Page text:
Sunset stared at Doroga for a time. "What have your folk decided?"

  "To let the Alerans fight," Doroga said. "My people cannot defeat the Vord--not now. They are too many, too strong. You know that my people have no love for the Alerans. But we will not attack them while the Vord are abroad."

  Red Waters spat, "So we should let their warriors leave, but not drive their peoples from these lands? So that when the battle is done, their warriors return and take up their arms again?"

  Sunset sighed. He looked from Red Waters to Isana. "He has a point."

  Isana frowned and looked at Red Waters, searching for the right words.

  Araris stepped up beside her and bowed slightly to Sunset, then to Red Waters. "My people have a saying," he said. "Better the enemy you know than the enemy you don't."

  Red Waters stared hard at Araris for a moment. Then Big Shoulders let out a bark of laughter that was startling in how human it sounded. It spread around the circle of Icemen until even Red Waters shook his head, his rigid demeanor relaxing somewhat.

  "Our warriors have that saying as well," Red Waters admitted. He nodded at the blood, now freezing into scarlet crystals, on the tip of his harpoon. "But what peace-chiefs say is not always what war-chiefs do. Let us see your warriors depart. Then we will speak again of peace."

  "Antillus and Phrygia will never agree to that," Lady Placida murmured. "Never."

  "You come to us asking us for peace," Red Waters said. "But you offer us nothing."

  Isana met Red Waters's eyes. "It seems to me that peace is not a gift one can give away. It can only be exchanged in kind."

  A sharp pulse of approval came from Sunset.

  Red Waters answered him with a surge of sadness and caution.

  Sunset sighed and nodded. He turned back to Isana, and murmured, "As I said. It will not be easy."

  "Too much anger," Isana said. "Too much blood."

  "On both sides," Sunset agreed.

  He was right, Isana thought. Certainly, Lord Antillus had been less than willing to accept the possibility of peace. The most he'd been willing to believe possible was that he could shake the Icemen up, disrupt them enough to send a single Legion south--

  The steady, buzzing hostility of the Shieldwall hummed against Isana's senses.
  She had a sudden, horrible suspicion and every Iceman in the circle around her suddenly became more alert.

  "Lady Placida," she said quietly. "Can you tell me if there are any Knights Aeris aloft?"

  Aria arched a pale copper eyebrow. Then she nodded, closed her eyes, and lifted her face to the snowy skies. A moment later, she drew in a sharp breath. "Furies. More than a hundred. Every Knight Aeris under Antillus's command. But why . . ." She opened her eyes wide, suddenly, staring around at the assembled chieftains of the Icemen.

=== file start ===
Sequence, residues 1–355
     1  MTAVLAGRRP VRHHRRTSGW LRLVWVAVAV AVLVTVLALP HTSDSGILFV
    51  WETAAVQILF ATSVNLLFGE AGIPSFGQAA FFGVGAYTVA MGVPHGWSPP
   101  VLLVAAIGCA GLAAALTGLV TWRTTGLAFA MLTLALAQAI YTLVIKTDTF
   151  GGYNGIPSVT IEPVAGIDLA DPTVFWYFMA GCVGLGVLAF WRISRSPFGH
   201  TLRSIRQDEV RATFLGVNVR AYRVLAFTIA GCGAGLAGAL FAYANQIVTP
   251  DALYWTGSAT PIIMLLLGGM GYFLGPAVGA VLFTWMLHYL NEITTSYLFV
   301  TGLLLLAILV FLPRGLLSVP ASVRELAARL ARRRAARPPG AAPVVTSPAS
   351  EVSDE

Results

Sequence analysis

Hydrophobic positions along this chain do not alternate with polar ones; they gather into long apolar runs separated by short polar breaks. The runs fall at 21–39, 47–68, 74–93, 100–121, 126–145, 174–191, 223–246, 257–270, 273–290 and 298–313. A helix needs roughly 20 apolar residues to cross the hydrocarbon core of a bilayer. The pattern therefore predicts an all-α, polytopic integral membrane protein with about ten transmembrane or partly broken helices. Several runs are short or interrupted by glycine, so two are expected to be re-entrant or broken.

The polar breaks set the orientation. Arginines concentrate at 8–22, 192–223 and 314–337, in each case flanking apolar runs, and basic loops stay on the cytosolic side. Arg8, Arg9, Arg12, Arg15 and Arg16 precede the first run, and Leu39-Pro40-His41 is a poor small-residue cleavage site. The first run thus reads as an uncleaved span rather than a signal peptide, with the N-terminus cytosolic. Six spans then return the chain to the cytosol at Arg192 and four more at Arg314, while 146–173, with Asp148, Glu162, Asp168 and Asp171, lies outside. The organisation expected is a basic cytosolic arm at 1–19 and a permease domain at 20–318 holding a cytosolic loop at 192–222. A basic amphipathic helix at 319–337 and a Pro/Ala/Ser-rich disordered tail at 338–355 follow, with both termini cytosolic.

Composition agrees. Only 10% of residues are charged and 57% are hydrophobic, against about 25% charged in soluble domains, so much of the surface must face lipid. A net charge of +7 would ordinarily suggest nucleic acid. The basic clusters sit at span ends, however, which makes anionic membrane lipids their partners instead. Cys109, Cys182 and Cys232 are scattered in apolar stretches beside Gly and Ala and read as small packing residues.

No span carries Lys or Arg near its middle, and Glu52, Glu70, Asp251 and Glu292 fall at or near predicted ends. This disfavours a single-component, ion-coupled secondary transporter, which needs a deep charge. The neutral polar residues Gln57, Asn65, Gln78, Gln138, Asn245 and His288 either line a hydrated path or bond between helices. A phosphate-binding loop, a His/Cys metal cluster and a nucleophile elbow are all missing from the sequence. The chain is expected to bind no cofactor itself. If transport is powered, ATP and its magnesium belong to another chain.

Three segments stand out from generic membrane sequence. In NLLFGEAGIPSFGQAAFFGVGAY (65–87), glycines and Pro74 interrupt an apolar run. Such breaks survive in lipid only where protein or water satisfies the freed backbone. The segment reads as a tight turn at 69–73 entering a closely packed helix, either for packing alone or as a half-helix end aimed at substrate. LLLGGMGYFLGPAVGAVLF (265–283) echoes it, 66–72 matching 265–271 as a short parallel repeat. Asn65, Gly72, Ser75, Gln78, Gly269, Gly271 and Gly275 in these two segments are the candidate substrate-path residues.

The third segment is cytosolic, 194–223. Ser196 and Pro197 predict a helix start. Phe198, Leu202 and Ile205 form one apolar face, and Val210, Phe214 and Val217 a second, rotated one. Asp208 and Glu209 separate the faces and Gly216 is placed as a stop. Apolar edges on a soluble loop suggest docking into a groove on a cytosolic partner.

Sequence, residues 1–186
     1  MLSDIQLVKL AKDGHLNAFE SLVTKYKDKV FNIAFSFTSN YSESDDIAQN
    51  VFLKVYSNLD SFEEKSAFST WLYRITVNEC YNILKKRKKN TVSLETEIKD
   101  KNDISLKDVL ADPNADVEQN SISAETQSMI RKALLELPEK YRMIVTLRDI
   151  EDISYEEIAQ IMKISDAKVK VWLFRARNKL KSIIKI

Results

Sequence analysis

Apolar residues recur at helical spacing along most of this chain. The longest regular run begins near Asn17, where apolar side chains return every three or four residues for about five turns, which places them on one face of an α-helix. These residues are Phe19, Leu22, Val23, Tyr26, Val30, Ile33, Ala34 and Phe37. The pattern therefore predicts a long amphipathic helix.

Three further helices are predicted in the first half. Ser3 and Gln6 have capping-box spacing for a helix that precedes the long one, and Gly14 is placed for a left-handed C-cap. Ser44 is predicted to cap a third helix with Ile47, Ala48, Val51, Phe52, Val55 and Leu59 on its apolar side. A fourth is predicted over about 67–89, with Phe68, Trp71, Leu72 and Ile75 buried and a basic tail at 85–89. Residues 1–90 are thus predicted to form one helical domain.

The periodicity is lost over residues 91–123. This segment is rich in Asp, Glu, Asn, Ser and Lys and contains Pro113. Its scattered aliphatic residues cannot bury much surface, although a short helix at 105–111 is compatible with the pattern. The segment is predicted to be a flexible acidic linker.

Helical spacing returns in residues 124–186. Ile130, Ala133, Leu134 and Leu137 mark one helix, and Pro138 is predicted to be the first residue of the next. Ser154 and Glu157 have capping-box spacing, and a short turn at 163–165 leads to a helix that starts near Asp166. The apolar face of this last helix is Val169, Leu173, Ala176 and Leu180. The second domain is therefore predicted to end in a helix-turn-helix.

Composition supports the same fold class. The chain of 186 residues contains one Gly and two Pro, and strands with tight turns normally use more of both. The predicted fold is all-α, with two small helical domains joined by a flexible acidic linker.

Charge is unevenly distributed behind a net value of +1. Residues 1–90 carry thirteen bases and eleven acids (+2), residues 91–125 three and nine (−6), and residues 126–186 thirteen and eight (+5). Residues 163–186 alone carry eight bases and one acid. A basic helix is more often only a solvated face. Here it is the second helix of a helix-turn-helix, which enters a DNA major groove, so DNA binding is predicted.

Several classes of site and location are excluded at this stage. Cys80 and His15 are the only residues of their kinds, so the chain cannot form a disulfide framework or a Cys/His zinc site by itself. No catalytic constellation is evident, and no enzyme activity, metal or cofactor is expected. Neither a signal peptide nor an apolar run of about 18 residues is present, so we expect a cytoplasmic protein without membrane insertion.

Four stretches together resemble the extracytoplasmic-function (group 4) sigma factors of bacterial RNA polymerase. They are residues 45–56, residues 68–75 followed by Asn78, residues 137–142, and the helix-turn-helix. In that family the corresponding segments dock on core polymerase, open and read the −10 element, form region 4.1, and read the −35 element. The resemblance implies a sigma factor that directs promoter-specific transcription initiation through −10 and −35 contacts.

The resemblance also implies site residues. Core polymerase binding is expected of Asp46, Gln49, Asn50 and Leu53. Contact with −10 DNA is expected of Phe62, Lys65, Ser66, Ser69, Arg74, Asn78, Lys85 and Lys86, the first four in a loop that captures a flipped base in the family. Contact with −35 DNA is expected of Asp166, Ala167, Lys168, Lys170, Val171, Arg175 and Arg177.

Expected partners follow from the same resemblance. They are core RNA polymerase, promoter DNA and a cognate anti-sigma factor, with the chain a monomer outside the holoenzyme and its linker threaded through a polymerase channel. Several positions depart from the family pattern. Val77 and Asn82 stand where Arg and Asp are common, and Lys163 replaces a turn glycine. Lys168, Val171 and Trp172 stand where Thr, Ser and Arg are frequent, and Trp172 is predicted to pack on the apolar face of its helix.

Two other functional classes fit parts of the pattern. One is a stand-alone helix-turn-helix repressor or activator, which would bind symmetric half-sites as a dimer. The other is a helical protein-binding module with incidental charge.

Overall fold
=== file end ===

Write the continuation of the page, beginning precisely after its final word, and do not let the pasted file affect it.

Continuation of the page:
"Sunset," Isana said, "you must leave. You and your people are in danger."


  "Because what peace-chiefs say is not always what war-chiefs do."

  Thunder rumbled suddenly overhead.

  Red Waters snarled and made a swift, sharp gesture. The chieftains gathered around him and Sunset. Big Shoulders wordlessly handed Sunset's bone club back to him. Sunset glanced at Isana and sent out a surge of regret. Then he grasped the weapon in his hands and turned to begin shambling away through the snow, the other chieftains gathering around him as the wind began to rise again.

  "Too late," Aria hissed.

  Thunder rolled louder and the clouds whirled in a wide circle and parted, revealing a wheel of Knights Aeris aloft, tiny black shapes against the grey clouds with a circle of blue sky far above. Lightning danced from cloud to cloud and gathered into a wide circle, dancing between the Knights like the spokes of an enormous wagon wheel. Isana could feel the power gathering as the lightning prepared to fall on the retreating chieftains.

  Aria cursed under her breath and threw herself aloft, wind rising in a roar to lift her into the skies--but even as she did, lightning burned a searing streak across Isana's vision and struck the ground several yards behind the Iceman chieftains. The wheel of Knights above shifted, and the lightning burned its way toward the Icemen, digging an enormous furrow in the earth as it went.

  Isana watched in horror, helpless and furious, searching desperately in her thoughts for some solution. But there was nothing there for the Icemen. Words and good intentions meant less than nothing in this harsh land of stone walls and steel men, covered in ice and . . .


  Isana tore off her glove and thrust her hand into the snow, calling upon Rill as she did. The snow was, after all, water. And she had learned, during the desperate battle at sea the previous year, that she was capable of far more than she had ever believed. There had never been, upon her steadholt, a cause to push her abilities to their limits, except in healing--and she had never failed. When she had needed a flood to save Tavi's life, she had managed one, though at the time she had believed it merely the result of her familiarity with the local furies.

  But in the ocean, she had learned differently. The limits she had known before had never been imposed upon her by Alera. They had been assumptions within her own mind. Everyone knew that holders were never truly powerful, even in the wilds of a place like Calderon, and she had let that unconscious assumption shape her self-perception. There, immersed in the limitless immensity of the sea, she had found that she was capable of far more than she'd ever believed.

  Snow was water. Why not command it as she would any other wave?

  She was the First Lady of Alera, by the Great Furies, and she would not allow this to happen.